I think he made most of these deals in the late 1980s and early 1990s (he wouldn't have been hard up for cash at the time, but the big checks for the film rights certainly would have been enticing). It was after the films started coming out that he took a hard line against film adaptations of his work.
Then he shouldn't have signed on the dotted line. The fact that he did means he has no right to bitch about the situation now (or more specifically, of course he can bitch all he wants, but nobody needs to take it seriously). He was greedy, he took the money and lost control over the property. What a crybaby.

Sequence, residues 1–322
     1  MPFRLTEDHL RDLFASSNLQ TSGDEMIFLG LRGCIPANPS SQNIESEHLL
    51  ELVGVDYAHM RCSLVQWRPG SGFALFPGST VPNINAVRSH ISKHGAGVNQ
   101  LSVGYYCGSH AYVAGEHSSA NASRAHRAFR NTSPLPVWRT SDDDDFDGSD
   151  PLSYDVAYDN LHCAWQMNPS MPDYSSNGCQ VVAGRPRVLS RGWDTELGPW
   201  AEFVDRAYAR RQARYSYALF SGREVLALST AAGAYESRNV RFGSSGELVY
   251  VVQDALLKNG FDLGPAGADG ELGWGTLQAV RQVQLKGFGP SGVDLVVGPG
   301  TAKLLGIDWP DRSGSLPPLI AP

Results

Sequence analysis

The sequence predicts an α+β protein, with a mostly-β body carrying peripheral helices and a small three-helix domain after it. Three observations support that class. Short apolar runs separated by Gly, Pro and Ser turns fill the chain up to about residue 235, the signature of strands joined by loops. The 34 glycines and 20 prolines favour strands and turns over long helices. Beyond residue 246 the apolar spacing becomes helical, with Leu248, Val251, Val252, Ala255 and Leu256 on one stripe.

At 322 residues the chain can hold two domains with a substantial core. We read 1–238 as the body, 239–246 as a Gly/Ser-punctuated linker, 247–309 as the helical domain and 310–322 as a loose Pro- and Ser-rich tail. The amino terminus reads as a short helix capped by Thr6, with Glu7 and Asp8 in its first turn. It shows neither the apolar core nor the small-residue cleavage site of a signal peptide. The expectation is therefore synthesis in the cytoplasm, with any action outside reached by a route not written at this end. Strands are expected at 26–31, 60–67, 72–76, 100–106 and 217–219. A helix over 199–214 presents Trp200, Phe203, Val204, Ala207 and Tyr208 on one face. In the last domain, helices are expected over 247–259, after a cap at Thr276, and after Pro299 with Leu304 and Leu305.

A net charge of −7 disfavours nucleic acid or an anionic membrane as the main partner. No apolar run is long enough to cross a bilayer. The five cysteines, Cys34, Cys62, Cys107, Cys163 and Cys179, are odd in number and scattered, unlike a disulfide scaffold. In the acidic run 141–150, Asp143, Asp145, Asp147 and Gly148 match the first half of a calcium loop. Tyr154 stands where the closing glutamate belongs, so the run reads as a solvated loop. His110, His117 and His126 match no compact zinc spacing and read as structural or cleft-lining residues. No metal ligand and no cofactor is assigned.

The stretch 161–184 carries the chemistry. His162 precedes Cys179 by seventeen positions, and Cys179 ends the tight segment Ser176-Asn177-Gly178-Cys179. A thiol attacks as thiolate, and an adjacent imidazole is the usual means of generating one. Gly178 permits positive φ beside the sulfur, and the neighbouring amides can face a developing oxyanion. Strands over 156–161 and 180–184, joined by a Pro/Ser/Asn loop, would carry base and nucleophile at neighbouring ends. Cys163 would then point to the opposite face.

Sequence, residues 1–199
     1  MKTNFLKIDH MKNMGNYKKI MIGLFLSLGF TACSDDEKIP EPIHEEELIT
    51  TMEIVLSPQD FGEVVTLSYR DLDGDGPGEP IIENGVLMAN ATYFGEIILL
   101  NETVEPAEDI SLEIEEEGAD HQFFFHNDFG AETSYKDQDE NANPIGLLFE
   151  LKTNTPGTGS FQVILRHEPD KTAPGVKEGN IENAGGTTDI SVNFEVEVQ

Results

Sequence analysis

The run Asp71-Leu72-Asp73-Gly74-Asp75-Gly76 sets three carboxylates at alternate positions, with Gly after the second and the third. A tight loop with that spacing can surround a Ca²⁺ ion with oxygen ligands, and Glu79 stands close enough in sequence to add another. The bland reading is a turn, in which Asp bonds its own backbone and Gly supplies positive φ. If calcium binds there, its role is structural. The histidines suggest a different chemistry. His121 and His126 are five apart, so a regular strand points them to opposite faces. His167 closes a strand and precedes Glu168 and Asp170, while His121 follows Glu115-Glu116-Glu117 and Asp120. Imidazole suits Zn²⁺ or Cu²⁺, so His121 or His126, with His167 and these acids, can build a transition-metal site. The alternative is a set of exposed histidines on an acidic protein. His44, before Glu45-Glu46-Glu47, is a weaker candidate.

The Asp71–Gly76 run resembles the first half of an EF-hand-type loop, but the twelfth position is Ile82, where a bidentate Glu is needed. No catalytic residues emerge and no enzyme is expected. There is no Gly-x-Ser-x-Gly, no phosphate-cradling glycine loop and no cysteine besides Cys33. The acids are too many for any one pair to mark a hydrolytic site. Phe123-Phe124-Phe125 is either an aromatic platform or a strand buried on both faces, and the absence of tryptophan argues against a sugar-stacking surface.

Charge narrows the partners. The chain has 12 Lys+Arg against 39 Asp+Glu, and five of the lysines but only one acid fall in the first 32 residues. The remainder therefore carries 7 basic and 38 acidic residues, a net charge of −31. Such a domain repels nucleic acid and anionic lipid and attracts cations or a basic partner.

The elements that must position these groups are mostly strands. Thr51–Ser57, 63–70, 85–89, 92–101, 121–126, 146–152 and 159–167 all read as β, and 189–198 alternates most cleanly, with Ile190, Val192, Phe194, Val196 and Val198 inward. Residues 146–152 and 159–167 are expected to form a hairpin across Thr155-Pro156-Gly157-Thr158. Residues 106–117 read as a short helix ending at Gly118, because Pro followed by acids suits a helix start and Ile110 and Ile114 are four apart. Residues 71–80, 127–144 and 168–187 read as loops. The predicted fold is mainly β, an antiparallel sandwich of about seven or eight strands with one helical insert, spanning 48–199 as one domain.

If the movies are somehow inhibiting sales of the graphic novels (because they are bringing the novels into disrepute), then that's something for the corporate bean counters to take into consideration. But I sincerely doubt that sales of graphic novels could ever compete with sales of movie tickets, plus movies are going to be such a publicity boost for the novels that even if the movies suck, they will drive graphic novel sales up.
I suppose in theory there's a case where you would hold off on doing a movie for fear of hurting graphic novel sales (or real novel sales) if the movie sucks but I have never heard of suck a case happening in real life and would be astounded if the economics of it ever made sense.